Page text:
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May 25, 2009

new ceramic sculptures

by sven at 7:00 am

Napoleon in his pea-green boat

A while back I shared photos of some unfinished sculptures I'd made at Sara Swink's studio… Well, they're finally done! Some are painted, some are glazed. We'll start with the painted ones.

mad scientist

The mad scientist was the first piece I made at Sara's, and the first I tried painting with acrylics. It's based off of a photo of a man at a steel foundry, who was wearing a heavy silver suit to protect him from molten metal.

A lesson I learned here: clay loves watery washes of paint. Using the paint at full-strength kills detail and just looks wrong.

star dancers

When I took Sara's class, this dancing duo seemed to be everyone's favorite. I mixed yellow with tar gel medium and glopped it on heavily to see if I could get some of the same textures as with the glazed pieces. …Nope.

Maybe encaustics could achieve the effect I was going for?

whale critter

The whale critter was the last piece I made at Sara's. I was playing with wall-mountable characters… Unfortunately, it's weighted badly and doesn't hang right at all.

Next up, pieces that were glazed:

moon babi

I really like the moon babi -- it feels like he has strong potential for being turned into a stopmo character.


The bat was the first piece I tried glazing, so I chose a simple black/brown. In general, I much prefer matte surface treatments to gloss. Too bad this turned out so shiny.

bat - head

A little shout out to bat-fan Shu-Ju Wang… I can't look at this sculpture without thinking of you!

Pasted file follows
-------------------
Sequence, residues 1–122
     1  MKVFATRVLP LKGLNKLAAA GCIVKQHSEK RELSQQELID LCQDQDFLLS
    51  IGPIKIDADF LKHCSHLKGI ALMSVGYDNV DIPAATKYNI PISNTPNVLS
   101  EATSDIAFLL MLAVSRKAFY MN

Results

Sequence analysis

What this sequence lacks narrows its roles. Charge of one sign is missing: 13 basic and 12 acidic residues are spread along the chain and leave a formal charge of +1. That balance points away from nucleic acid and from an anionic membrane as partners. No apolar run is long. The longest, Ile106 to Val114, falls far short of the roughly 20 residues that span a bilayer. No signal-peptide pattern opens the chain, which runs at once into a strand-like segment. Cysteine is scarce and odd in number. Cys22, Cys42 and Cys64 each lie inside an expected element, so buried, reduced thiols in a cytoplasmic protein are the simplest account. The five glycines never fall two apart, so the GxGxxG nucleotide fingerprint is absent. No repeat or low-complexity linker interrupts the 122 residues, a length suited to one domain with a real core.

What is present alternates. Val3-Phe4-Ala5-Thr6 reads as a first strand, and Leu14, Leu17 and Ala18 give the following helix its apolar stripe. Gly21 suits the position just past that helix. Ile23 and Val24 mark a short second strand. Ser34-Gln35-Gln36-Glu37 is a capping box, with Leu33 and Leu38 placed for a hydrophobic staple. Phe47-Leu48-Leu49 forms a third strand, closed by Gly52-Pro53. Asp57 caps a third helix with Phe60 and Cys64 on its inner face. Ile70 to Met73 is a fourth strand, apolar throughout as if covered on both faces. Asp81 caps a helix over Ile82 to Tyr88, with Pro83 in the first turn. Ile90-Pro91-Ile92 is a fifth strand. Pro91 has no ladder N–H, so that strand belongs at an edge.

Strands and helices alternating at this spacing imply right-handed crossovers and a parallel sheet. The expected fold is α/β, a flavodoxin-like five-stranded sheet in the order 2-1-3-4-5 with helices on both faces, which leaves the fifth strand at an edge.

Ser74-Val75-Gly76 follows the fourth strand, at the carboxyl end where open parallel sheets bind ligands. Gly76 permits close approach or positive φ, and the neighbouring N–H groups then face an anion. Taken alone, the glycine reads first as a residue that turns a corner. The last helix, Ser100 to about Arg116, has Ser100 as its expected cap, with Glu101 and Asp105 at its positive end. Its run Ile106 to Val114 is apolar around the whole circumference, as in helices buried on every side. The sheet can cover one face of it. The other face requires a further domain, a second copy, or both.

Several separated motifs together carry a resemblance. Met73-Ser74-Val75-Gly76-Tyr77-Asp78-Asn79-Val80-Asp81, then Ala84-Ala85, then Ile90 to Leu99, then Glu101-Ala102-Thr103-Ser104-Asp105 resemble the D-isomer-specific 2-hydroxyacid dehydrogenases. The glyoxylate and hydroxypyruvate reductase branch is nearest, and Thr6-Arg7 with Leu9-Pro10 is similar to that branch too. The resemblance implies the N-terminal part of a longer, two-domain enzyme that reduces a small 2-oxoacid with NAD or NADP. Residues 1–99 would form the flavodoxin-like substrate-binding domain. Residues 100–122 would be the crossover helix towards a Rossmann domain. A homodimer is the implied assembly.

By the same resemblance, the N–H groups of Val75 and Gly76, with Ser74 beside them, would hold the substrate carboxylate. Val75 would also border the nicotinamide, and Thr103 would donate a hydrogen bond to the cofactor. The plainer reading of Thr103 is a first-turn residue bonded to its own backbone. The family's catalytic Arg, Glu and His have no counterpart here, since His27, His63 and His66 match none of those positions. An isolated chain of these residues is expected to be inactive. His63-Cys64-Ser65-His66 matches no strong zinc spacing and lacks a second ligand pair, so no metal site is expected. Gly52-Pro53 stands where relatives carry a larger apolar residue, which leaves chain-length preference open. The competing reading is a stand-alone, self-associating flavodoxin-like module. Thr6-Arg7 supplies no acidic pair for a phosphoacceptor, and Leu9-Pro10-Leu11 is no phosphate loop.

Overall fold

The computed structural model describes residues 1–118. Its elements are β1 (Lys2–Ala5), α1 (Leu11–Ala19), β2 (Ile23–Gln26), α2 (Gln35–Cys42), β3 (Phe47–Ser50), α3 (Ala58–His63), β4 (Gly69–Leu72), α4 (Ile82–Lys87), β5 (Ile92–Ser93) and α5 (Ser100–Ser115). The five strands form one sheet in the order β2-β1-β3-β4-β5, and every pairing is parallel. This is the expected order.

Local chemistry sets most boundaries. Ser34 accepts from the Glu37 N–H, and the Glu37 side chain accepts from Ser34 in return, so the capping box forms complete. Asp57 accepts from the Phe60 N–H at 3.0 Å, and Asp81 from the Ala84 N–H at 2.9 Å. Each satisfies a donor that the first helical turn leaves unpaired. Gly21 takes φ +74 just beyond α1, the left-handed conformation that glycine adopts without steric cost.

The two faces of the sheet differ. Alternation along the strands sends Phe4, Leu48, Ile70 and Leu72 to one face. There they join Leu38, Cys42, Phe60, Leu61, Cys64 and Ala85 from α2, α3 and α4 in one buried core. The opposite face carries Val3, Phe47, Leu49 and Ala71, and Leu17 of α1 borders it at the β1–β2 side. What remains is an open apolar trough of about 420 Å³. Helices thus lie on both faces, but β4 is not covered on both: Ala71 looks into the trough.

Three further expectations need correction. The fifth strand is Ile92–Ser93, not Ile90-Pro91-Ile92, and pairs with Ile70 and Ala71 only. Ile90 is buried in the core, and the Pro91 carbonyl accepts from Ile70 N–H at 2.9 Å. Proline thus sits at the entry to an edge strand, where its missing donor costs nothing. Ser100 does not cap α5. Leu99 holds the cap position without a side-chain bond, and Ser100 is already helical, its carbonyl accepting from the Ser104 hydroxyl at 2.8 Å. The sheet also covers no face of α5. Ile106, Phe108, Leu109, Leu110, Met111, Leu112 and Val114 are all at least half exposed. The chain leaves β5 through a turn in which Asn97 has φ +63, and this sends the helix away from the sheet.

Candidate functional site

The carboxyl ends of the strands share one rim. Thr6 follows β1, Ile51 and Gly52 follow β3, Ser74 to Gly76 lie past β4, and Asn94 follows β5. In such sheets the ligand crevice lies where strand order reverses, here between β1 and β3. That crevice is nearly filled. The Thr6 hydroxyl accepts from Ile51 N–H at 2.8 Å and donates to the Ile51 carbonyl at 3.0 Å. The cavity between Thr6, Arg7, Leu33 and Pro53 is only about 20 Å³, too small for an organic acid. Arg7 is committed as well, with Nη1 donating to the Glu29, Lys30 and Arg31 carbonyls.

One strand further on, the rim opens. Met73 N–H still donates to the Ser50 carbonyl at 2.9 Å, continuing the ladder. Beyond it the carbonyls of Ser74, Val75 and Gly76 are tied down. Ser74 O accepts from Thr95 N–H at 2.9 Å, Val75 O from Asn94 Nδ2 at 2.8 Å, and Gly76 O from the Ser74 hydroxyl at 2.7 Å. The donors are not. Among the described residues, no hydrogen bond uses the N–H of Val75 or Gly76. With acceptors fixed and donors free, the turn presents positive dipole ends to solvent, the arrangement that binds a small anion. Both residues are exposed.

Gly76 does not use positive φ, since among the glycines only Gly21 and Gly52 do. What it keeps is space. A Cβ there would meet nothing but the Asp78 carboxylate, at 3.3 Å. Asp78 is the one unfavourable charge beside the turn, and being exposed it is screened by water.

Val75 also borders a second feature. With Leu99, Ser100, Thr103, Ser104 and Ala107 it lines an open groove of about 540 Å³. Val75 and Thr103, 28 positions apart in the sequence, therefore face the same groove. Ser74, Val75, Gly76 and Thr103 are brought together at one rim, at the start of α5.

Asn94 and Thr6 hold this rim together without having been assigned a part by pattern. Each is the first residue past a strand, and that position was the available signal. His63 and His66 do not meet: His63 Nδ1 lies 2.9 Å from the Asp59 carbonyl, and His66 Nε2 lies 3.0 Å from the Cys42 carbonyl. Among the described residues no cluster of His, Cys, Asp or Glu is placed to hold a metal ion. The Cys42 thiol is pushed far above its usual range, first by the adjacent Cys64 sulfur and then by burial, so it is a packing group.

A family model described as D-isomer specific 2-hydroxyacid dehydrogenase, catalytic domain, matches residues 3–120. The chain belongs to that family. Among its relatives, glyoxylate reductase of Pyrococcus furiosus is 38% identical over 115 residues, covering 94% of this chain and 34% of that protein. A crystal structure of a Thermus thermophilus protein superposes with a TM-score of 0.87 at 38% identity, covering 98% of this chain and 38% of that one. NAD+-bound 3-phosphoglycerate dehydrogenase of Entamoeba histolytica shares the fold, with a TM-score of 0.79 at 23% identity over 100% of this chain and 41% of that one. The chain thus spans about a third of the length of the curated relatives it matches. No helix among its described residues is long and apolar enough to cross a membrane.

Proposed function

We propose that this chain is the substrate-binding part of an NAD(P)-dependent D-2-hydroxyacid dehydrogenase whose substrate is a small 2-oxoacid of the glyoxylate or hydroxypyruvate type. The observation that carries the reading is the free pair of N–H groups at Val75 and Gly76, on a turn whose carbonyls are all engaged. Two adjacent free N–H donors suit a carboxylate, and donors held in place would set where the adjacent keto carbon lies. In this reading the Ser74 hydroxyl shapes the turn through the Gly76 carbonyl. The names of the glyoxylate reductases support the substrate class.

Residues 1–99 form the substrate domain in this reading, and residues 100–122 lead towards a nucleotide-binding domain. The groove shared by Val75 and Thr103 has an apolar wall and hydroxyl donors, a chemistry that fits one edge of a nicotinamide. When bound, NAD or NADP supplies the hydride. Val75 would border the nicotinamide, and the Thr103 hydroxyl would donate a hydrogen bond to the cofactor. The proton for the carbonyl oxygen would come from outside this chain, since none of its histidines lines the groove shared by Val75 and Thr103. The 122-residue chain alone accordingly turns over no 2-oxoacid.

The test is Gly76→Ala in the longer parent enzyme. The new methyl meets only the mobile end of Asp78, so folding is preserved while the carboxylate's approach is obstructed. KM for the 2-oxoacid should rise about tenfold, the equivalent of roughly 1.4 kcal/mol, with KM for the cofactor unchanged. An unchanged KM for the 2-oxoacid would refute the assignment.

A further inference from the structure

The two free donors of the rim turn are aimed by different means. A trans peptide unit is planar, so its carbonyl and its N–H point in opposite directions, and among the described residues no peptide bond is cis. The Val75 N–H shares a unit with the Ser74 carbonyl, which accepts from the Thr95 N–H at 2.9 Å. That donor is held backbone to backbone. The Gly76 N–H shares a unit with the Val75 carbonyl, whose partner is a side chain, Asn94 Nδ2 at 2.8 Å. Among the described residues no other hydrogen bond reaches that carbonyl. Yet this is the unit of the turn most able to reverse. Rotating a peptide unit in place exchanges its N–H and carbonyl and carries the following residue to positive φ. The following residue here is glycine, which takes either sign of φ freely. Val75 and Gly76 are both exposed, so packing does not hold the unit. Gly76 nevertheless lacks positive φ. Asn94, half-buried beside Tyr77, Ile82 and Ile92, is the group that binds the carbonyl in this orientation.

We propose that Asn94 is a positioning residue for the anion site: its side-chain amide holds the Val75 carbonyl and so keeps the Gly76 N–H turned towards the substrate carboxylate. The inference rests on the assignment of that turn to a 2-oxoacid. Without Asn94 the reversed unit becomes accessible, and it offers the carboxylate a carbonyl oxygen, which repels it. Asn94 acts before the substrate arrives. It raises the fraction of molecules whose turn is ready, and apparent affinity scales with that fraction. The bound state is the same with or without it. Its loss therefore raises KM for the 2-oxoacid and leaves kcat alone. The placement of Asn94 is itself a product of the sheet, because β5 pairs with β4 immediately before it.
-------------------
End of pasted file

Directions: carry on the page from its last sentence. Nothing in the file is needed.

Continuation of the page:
demon babis

I'm really enamored with these three demon babis, which unexpectedly wound up being a set.

baby babi

The little one feels fantastic in the hand. It sort of reminds me of the Venus of Willendorf.


In my mind, the series shows the evolution of a single being. The baby passes through this next phase on the way to its final form.

molting - head

The glaze on the "molting" babi does this incredible crackle thang. I wish I knew how to simulate it using acrylics… I'm vaguely familiar with crackle paint -- but this stuff actually peels up into little platelets!

adult demon

Whereas the baby has skin that feels like orange peel, and the adolescent is peeling, the adult demon's skin is creamy smooth. In all three cases, I painted on iron oxide, wiped it off, then put an essentially white glaze on top (3 varieties of white).

adult demon - head

Exploring, it seems like a lot of sculptors fetishize wrinkles and skin textures… It's not hard to understand why. It's a lot of fun etching crevasses into clay!


Last night I created a wall mount for the adult demon… A perfectly rough and weathered scrap of wood with brass pins to hold the top-heavy beast in place.

* * *

I love the inherently gritty texture of clay, and the weight of it in my hand. It feels so real. Yet, even though clay is extremely cheap, the time spent waiting for it to get fired makes it more "expensive" than I initially figured. When I find the time, I'm planning on doing more experiments with home-bake polymer clay.

I really want to replicate the colors and textures of ceramic glazes, though. I've got some faux stone and "orange peel" spray cans to experiment with. I also need to explore a more neutral color palette. My natural tendency is toward vibrant colors… I think ceramics, as a species, gravitates toward earth tones.

posted by sven | May 25, 2009 7:00 AM | categories: sculpture